Men’s N.C.A.A. Tournament: North Carolina Ousts Top-Seeded Baylor in Overtime
North Carolina jumped to a big lead, then in overtime held off the reigning champion Bears, who became the first No. 1 seed to be bounced from this tournament.
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By Alan Blinder
The University of North Carolina’s men’s basketball team spent part of December being crushed by Kentucky. January brought humiliations at Miami and Wake Forest. February included being embarrassed on its home court by Duke and Pittsburgh and requiring overtime to beat a woeful Syracuse.
Then came March. The Tar Heels went over to Duke and spoiled Mike Krzyzewski’s final game at Cameron Indoor Stadium on March 5. Then, in overtime on Saturday in Fort Worth, they upset Baylor, the No. 1 seed in the East region and the reigning national champion, to advance to the round of 16 in the N.C.A.A. tournament.
Each of those signature victories is of the stripe that can redeem any misbegotten season. But both? As Roy Williams, who retired as North Carolina’s coach last year but was in the stands on Saturday, might say: “Daggum.”
The eighth-seeded Tar Heels will meet either St. Mary’s or U.C.L.A. on Friday in Philadelphia.
They — and any other team remaining in this year’s men’s tournament — might be hard-pressed, though, to author a greater work of suspense than their 93-86 downing of Baylor, the first No. 1 seed to lose this year.
Yes, Baylor won the tipoff, and with Kendall Brown’s dunk off a fast break, built a 4-0 lead in all of 68 seconds. Then U.N.C. seized it and did not even allow the game to be tied until there were 15.8 seconds remaining and Baylor had improbably erased a performance by the Tar Heels that had seemed more likely to wind up in the record books than in overtime.
In the first half — after which the Tar Heels led by 13 — U.N.C. made half of its shots from the field, while Baylor sank 40 percent and struggled mightily behind the arc. They were nearly even in total rebounds, with U.N.C. having the smallest of edges. But Baylor’s turnovers fueled Carolina’s rise and accounted for 15 of the Tar Heels’ 42 points before the intermission.
So did R.J. Davis, a sophomore from White Plains, N.Y., who scored 30 points to lead U.N.C. by day’s end.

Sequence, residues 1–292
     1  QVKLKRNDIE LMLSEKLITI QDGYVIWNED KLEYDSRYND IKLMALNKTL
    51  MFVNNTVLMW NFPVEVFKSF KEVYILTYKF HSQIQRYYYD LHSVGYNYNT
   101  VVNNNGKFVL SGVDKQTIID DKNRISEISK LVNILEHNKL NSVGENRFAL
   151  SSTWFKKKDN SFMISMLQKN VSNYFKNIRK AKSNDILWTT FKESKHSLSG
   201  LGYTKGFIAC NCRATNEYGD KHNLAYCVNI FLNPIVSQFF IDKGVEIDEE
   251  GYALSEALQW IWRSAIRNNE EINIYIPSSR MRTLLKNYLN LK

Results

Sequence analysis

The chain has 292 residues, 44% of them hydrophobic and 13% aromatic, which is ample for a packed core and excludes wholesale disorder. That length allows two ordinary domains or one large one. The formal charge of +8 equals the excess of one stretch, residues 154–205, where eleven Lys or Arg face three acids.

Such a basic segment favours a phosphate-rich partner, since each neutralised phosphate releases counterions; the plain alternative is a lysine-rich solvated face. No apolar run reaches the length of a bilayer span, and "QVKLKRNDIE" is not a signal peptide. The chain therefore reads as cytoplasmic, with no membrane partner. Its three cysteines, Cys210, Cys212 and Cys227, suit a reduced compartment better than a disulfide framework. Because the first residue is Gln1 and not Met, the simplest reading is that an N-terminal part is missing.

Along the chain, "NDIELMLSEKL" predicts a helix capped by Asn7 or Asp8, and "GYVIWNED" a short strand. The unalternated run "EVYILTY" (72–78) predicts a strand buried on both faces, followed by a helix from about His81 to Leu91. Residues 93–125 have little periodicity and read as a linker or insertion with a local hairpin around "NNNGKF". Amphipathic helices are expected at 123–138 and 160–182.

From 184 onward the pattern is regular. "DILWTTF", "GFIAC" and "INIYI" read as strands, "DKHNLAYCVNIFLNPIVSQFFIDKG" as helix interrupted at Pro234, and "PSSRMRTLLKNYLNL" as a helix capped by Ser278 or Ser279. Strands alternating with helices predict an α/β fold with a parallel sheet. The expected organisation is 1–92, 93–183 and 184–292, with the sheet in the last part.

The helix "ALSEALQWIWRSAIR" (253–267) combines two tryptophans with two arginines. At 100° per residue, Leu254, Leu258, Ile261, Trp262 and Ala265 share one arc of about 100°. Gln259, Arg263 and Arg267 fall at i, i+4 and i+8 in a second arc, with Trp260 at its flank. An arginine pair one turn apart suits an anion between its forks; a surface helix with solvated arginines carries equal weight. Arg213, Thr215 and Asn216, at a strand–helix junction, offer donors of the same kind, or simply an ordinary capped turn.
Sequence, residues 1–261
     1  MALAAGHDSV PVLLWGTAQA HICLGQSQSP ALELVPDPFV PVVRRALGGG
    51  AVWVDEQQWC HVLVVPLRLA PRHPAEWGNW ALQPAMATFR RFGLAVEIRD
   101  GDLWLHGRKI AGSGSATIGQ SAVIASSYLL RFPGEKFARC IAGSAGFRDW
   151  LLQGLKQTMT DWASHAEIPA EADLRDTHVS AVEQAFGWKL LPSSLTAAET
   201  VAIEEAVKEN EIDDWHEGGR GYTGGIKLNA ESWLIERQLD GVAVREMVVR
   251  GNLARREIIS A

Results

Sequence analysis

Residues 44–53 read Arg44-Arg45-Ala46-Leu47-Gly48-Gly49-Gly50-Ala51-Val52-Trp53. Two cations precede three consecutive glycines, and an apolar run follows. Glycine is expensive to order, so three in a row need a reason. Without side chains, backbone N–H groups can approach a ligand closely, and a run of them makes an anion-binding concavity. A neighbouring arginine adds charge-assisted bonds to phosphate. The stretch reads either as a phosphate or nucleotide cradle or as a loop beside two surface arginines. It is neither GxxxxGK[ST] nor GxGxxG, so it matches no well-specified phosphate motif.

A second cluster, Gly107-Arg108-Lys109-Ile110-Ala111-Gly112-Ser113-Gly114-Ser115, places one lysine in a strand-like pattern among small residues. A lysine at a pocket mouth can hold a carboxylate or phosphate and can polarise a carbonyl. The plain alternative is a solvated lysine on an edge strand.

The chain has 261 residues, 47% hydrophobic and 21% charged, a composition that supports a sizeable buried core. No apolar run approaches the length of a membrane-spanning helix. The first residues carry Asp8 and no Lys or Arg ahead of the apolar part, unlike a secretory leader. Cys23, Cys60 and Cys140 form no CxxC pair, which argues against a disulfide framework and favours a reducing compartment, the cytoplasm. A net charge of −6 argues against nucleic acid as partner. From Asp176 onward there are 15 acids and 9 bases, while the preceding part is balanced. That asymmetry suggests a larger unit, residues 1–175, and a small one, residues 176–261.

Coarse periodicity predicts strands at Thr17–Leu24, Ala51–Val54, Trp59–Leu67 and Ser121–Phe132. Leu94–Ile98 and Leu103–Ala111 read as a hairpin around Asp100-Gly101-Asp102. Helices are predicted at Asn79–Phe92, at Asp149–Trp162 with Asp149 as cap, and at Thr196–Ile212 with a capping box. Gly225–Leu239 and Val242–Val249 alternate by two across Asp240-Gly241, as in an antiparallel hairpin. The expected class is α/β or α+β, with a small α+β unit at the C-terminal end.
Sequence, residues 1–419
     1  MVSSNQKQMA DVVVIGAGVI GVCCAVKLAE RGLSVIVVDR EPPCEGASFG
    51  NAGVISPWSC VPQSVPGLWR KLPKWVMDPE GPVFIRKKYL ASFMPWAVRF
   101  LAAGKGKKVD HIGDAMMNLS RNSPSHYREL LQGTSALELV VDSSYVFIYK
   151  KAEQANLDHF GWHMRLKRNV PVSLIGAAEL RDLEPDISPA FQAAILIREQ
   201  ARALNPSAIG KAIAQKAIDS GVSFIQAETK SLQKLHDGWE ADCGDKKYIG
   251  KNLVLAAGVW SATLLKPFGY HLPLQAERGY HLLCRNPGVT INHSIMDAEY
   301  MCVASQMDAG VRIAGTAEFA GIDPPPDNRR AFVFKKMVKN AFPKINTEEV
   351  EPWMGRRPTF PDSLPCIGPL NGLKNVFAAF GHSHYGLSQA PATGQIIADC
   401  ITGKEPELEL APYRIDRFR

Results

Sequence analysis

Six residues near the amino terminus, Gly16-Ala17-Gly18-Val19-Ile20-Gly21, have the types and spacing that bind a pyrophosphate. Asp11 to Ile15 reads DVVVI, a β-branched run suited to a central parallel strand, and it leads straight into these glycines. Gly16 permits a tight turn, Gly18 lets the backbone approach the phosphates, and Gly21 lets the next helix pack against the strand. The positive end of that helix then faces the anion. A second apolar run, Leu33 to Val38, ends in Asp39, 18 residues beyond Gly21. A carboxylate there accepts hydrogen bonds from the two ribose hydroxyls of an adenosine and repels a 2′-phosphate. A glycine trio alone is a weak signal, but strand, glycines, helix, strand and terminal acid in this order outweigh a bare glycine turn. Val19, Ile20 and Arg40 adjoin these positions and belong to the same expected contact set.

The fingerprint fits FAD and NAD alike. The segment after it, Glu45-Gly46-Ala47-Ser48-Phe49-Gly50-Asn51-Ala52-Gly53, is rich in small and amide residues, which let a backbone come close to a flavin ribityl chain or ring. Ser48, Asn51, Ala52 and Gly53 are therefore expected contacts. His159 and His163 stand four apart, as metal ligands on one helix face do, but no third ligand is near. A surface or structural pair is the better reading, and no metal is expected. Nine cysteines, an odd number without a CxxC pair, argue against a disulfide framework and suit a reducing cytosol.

Dive Deeper Into the N.C.A.A. Tournaments
The chaos of Saturday’s game was, in many respects, a fitting mark in North Carolina’s topsy-turvy debut campaign under Hubert Davis, who succeeded Williams.
The Tar Heels started to rise after the 9-point loss to Pittsburgh on Feb. 16 and have lost only once since, to Virginia Tech in the Atlantic Coast Conference tournament. Krzyzewski marveled over them this month, once his own team, then ranked fourth in the country, was done in by players like Armando Bacot, a 6-foot-10 junior who collects rebounds with the zeal of an Internal Revenue Service agent, and Brady Manek, who transferred from Oklahoma and came into Saturday’s game leading North Carolina in 3-pointers.
“We knew the potential of this team coming into this season, and we just wanted to turn it around,” R.J. Davis said on Friday. “We knew after the loss to Pitt, that wasn’t the way we wanted to play. So from that point on, I think we just turned it around and started to compete. And everyone bought into their roles and that’s kind of what we’ve been buying into.”
Helped along by a flagrant foul, Baylor got around to buying into the majesty of being a No. 1 seed. There is only so much a team can do, though, on an afternoon when it trailed by 25.
Waco-based Baylor, at least, avoided the overlapping indignities of a long trip home after a miserable loss, and, thanks to a victory over Norfolk State on Thursday, the ignominy of being the earliest exiting departing champion in tournament history.
Very little else went quite as the Bears hoped.
Baylor could not manage a basket for a stretch of close to four minutes in the second half. U.N.C. took that interlude and scored 13, building a lead of 24.
Much of that came from Manek, whose 9 points in the first half came to feel small by the end of the second, when he had 17. It is virtually certain that he would have finished with more than 26 points, but he was ejected with just more than 10 minutes to play after a flagrant foul.
His dismissal proved the catalyst for the kind of Baylor onslaught that, less than two hours earlier, would have seemed like a surefire route for them to Philadelphia.
One shot after another, one opportunity after another exploited, the Bears looked like the team most expected to swagger through Dickies Arena and advance.
Finally, with less than 16 seconds left, they tied the game at 80, where the score would stay until overtime.
Dontrez Styles, a freshman, hit an early 3-pointer to let U.N.C. regain control. Bacot made a free throw. U.N.C. would not have such a commanding lead until 78 ticks remained, and the Tar Heels were up by 6 after a flurry of free throws and layups from both teams.
Then, though, time ebbed further, and the score did not change much, with Baylor, which earned a share of the Big 12 Conference’s regular-season title, squandering chances that could have drawn them closer to salvaging an afternoon and a season.
Instead, North Carolina, a team to maybe forget not long ago, would be the program to play on in March.
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